27 March 2008

Reason #1 to cut (or eliminate) the income tax

The State newspaper this morning reports that South Carolina's per capita income continues to lag behind the rest of the country. This year our growth was 4.2%, a full point behind the national growth of 5.2%. South Carolina now boasts the 4th lowest per capita income in the nation, slipping from 6th worst a year ago. (Yep, another statistic to be proud of.)

I find it interesting (in a strange, crazy sort of way) that The State can report this statistic without bringing up the obvious reason behind the statistic - an income tax rate that ranks among the ten highest in the country. When you tax productivity and success, you lose business - it's really that simple. Yet we get caught up in the property tax debates and sales tax debates, and our legislature never gets around to cutting the one tax that has a direct impact on our ability to create wealth and jobs - the income tax.

Why do we think it is that we have none of the Top 100 companies in America headquartered in South Carolina? If we, for instance, want to become the haven for the energy companies, taking advantage of the Savannah River site's unique potential to generate hydrogen fuel, we have to have a tax structure that companies want to take advantage of. Or do you think Microsoft landing in Washington state was simply by chance? Washington state has no state income tax, preferring instead to rely on other, lower taxes and a robust economy. That's the formula for success.

What's worse, since no income tax cut is coming this year to stimulate our state's economy, we can already look forward to having this report be just as bad (or worse) next year. Hopefully those who are elected this fall will pay more attention next spring when this report resurfaces.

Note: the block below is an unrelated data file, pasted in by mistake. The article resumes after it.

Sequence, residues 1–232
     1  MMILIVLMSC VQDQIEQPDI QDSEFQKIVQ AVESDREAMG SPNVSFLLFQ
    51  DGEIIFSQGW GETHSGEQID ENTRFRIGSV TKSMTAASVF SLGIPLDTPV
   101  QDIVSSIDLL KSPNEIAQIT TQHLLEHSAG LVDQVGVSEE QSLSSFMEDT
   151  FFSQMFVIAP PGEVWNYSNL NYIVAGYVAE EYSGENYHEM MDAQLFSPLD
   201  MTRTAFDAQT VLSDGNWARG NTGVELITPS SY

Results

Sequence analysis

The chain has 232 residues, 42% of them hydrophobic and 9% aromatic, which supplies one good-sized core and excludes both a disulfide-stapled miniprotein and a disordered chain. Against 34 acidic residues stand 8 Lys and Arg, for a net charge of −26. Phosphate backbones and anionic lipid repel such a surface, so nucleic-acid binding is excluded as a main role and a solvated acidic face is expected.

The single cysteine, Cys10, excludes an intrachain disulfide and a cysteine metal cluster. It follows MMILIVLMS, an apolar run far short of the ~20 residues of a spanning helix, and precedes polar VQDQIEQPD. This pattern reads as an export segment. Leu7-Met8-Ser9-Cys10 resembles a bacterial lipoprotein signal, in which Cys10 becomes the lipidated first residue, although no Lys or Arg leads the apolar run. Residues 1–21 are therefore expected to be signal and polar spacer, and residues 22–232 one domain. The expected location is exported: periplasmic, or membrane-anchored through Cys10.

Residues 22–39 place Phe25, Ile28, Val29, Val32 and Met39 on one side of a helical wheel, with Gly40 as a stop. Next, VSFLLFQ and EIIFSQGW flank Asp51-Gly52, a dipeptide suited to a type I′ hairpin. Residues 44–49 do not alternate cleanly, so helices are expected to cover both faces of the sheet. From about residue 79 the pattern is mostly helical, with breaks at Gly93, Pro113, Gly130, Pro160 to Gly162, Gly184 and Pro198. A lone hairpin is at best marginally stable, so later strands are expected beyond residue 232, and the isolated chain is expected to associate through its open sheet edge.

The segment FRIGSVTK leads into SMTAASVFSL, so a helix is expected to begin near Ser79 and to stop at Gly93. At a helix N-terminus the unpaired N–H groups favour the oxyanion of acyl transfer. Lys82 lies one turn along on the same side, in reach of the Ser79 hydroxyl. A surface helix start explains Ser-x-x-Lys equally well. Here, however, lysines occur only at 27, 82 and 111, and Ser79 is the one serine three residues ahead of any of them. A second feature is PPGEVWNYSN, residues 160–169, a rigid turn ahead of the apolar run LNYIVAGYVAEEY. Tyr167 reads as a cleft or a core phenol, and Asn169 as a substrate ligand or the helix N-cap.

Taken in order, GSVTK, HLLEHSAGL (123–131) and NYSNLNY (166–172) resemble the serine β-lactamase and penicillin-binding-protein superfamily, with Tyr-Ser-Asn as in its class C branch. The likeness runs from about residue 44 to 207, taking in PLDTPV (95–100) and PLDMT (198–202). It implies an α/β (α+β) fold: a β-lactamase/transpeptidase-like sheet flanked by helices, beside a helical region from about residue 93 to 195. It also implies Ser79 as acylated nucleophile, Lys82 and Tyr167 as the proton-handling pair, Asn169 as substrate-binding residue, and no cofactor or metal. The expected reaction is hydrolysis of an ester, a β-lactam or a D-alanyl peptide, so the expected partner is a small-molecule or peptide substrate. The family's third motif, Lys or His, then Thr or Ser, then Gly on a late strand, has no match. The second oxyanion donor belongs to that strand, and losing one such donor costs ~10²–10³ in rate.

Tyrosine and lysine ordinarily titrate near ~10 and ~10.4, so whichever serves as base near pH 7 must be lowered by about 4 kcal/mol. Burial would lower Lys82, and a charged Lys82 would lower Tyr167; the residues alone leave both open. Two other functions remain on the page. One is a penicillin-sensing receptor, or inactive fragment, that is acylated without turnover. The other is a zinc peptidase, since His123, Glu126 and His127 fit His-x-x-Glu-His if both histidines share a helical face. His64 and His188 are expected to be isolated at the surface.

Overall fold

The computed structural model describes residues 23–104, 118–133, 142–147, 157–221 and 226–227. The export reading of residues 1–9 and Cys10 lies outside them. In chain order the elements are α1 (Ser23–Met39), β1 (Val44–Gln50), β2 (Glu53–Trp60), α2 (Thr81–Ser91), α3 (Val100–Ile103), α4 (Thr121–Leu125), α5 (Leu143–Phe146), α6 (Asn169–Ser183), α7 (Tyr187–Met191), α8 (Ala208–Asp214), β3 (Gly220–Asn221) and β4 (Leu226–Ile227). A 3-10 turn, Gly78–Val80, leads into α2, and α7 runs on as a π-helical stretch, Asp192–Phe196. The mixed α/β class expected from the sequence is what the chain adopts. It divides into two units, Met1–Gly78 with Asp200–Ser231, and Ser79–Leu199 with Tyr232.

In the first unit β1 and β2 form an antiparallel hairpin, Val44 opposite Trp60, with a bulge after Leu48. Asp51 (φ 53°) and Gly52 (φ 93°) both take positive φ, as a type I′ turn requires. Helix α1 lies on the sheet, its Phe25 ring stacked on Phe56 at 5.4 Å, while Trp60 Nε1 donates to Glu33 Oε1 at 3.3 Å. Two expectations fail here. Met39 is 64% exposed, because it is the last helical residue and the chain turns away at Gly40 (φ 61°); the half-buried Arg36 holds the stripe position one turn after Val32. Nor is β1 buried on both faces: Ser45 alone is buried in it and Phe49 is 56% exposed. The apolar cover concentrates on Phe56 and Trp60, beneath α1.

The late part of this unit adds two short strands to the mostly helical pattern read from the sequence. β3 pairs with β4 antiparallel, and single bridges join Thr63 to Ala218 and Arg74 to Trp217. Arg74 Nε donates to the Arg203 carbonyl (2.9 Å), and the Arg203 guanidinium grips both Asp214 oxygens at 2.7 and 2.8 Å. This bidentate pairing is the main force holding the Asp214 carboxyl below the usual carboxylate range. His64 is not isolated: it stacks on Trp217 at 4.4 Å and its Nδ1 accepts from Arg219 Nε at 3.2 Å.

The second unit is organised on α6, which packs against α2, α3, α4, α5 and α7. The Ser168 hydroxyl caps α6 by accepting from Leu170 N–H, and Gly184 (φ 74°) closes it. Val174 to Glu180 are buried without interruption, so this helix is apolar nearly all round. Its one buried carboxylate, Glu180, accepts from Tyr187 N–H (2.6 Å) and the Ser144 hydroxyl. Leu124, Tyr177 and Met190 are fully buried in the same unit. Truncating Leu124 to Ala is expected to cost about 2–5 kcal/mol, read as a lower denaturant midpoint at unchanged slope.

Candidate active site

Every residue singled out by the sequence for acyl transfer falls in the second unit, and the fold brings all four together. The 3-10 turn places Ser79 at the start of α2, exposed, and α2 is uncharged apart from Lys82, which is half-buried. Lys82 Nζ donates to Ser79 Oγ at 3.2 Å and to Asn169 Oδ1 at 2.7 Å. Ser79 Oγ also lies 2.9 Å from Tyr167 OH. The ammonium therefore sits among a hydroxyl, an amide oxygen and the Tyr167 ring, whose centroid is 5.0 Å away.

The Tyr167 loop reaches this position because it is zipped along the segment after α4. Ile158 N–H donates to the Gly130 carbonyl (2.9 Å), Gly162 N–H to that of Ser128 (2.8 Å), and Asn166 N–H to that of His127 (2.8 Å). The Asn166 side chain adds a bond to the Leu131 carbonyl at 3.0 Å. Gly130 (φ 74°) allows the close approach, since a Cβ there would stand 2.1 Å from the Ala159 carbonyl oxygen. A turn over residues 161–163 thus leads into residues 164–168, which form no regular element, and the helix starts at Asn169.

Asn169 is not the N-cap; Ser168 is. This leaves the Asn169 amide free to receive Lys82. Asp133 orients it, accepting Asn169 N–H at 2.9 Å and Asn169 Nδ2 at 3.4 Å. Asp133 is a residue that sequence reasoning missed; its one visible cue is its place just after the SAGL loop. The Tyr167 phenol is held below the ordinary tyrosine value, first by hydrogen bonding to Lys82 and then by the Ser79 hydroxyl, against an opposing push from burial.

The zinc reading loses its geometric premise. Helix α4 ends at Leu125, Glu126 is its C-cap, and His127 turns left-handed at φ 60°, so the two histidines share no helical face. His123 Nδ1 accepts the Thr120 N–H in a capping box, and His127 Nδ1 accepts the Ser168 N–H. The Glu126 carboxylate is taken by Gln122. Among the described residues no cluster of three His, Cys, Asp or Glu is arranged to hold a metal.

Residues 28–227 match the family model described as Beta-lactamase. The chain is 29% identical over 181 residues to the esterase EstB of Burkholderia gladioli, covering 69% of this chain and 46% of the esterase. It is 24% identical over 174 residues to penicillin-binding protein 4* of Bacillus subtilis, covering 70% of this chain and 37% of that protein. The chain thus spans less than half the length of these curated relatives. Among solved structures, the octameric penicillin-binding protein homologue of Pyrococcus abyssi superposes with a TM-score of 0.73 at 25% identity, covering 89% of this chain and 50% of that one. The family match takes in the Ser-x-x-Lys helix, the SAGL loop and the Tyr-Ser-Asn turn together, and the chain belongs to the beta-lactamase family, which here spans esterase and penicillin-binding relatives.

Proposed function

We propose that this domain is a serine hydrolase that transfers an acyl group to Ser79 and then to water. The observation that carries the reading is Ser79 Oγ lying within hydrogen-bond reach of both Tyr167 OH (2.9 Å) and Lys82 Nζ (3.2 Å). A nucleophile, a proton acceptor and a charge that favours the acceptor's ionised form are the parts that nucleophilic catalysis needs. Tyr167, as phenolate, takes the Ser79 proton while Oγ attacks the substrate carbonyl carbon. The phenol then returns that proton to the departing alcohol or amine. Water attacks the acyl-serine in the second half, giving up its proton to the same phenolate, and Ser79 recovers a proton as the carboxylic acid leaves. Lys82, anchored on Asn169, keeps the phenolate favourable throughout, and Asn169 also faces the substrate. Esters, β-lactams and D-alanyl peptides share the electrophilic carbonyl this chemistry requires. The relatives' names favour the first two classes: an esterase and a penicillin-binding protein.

In the meantime, way to go guys, thanks for keeping us down - again.

1 comment:

Silence Dogood said...

Josh, I think this might be a bit of post hoc logic, as there are a lot of reasons S.C. is not as prosperous as it could be - and the correlation you notes is speculative not factual. Furthermore, you noted that S.C. ranked in the top 10 for highest income tax rate. I understood us to be at the 13th highest for individual tax brackets (counting Washington D.C.) do you have a source for this - mind you it could have changed since 2007. Two things to note, a better indicator might be to look at the overall tax burden on all citizen - for instance many cities have additional income tax to the state ones, often times in states with higher economic development such as NY (mind you I don't make the counter argument to your that higher income tax rates make more economic properity because it would be just as spurrious as your argument is).

Lastly, maybe look at the state don't have income tax and consider where they fall on the economic prosperity chart - I'd imagine though it is all over the map. If you can find that info though I would be very curious to give it a look. There are maybe 10 - Florida I know does not, but they can recoup that revenue with huge tourism taxes on hotel and car rentals et cetera. Others that I know of are Wyoming, Washington State, Alaska, N. Hamp (I think), Texas, and South Dakota.